Displaying items by tag: bonds
So those following the news will have noticed that Bank of America’s key stock market indicator, the “Bull & Bear”, has been flashing red for the last couple of weeks. Now, the brightness is getting stronger. The recent rush out of Treasuries and into stocks has been the fastest ever, which has BAML worried that markets are about to crash. The rotation amounted to $102 bn flowing into stocks in January alone, which BAML calls “massive”.
FINSUM: The move has been more of a stampede than a flow, but then again, there are a lot of reasons to be worried about rising rates, especially as new Fed leadership is coming in.
Any financial advisor will tell you that most of their clients love muni bonds. The asset class has been very popular for many years among the wealthy because of the bonds’ tax exempt status. Therefore, advisors need to pay attention, as there is a little discussed, but very real ticking time bomb in the asset class. That big time bomb is unfunded pension liabilities. The projections made fifteen years ago may have been plausible, but with a financial crisis and then years of rock bottom rates, many think state and local pensions have reached a point of no return which will lead to major defaults. Barclays’ munis team recently noted “We are increasingly wary of high pension exposure, especially among state and local credits”, continuing that “short-term investment gains won’t be sufficient to plug liability gaps”.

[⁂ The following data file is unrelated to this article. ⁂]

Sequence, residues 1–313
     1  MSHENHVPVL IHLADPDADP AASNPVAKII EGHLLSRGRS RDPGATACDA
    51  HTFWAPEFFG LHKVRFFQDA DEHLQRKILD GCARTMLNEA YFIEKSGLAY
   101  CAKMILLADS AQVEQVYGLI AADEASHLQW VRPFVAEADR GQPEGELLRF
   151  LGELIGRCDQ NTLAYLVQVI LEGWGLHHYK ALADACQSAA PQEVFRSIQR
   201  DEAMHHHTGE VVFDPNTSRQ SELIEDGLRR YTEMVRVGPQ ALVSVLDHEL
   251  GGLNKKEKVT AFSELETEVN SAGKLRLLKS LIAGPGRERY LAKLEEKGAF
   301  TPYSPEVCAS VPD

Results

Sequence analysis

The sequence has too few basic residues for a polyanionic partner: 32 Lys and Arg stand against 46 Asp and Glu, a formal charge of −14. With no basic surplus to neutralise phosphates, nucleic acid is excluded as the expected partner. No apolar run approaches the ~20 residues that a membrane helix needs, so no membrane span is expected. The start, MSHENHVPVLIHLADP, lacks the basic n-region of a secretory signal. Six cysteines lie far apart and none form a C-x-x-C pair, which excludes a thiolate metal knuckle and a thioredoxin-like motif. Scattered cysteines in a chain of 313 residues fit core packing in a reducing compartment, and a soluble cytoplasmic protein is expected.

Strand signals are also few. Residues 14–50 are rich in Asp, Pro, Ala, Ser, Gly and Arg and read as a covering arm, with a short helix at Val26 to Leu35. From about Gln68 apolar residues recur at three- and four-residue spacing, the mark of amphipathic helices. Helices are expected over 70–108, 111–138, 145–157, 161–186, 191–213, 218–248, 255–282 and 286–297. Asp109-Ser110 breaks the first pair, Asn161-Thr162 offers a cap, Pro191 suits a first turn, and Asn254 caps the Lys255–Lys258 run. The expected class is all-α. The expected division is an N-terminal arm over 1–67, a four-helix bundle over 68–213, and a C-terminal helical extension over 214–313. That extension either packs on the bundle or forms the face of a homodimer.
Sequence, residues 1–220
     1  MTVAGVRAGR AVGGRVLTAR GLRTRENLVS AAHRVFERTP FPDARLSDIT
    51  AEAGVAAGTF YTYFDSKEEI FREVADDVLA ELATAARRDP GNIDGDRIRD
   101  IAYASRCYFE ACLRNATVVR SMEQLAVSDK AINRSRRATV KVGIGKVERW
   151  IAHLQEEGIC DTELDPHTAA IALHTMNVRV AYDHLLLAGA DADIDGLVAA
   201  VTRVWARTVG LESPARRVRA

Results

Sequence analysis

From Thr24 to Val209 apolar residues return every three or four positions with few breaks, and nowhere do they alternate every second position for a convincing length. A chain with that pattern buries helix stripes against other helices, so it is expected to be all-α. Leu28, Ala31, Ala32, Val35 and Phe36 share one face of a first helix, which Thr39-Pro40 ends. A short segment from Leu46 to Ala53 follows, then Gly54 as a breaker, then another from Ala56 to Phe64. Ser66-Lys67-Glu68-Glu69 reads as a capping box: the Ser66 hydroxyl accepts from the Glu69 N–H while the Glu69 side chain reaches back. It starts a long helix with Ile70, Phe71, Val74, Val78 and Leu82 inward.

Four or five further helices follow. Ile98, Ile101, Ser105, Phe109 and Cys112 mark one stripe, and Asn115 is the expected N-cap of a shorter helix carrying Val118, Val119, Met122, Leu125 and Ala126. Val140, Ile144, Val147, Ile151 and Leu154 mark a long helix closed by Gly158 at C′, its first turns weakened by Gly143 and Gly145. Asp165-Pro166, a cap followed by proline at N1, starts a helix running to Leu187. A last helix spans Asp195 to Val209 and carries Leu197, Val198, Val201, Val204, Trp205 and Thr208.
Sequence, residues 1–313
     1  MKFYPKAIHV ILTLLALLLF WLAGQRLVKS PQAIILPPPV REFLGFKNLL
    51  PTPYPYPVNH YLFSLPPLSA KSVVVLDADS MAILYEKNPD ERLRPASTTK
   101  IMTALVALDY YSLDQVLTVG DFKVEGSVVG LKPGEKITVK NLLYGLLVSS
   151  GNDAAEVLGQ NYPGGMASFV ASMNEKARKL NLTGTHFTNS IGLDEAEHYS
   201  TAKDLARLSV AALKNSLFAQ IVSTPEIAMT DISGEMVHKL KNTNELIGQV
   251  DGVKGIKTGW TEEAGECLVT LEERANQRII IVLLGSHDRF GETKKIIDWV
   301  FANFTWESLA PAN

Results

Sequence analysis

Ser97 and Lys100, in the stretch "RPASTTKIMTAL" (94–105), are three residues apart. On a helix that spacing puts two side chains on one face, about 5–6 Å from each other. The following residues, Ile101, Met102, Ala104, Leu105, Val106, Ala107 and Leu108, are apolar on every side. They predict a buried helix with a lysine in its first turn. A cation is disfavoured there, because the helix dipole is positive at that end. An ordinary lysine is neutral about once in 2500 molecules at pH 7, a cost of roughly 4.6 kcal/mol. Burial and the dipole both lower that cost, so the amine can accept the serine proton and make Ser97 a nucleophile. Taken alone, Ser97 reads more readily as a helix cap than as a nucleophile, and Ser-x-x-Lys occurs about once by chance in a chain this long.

FINSUM: There is bound to be a big wave of defaults in the muni space. This is a big and slow-moving crisis that nobody, especially the federal government, wants to deal with.
Well it finally happened yesterday. The big selloff in bonds finally managed to legitimately spook the equity market. Stocks in the US were down big as the yield on ten-years jumped mightily. The ten-year yield is now 2.73%, the highest in three years, which was a significant mental threshold. Investors are worried that with the world economy doing so well, inflation may again rear its head, causing central banks to raise rates quickly. The S&P 500 fell 0.7% on Monday.
FINSUM: Okay here is the big question we have—why would the world economy doing well and higher rates be negative for stocks? If anything, equities are a good inflation hedge.
A lot of analysts and market gurus are currently talking down the high yield sector. Credit spreads have been rising and it does look like we are headed into a higher rate environment, so the arguments seem reasonable. However, Barron’s says there is still time to get in on high yields. One of the best parts of the market right now is that only 10% of it is comprised of CCC rated bonds, way below its average of 15-20%. That means credit-worthiness is better. Additionally, junk firms have been refinancing for years at ultra-low rates, which will keep default rates pinned. Finally, oil and gas firms, which comprise a high share of the market, are in better shape as prices have been recovering.
FINSUM: There are definitely some strong points here, but it would be a highly contrarian view to say that the prospects for the sector look good after surging for so many years. At best, the fundamentals look solid, but the macro environment looks poor.
Goldman Sachs is going on the record warning of “extreme” optimism in markets after stocks’ torrid start to the year. The bank says its cross-asset measure of risk appetite is the highest it has been since 1991 (!). The bank says the risk of losses is higher now, but that in their experience, signals from the macro economy tend to trump signals from risk appetite. Therefore, given that the world’s economy is moving nicely, the market may have more room to run. That said, Goldman is nervous about markets, saying “Risk appetite is now at its highest level on record, which leads to the question of what future returns can be”.
FINSUM: We think this grey-haired bull market still has some juice in it, but our big fear is how hard a recession might hit the markets (given high valuations), not just the economy.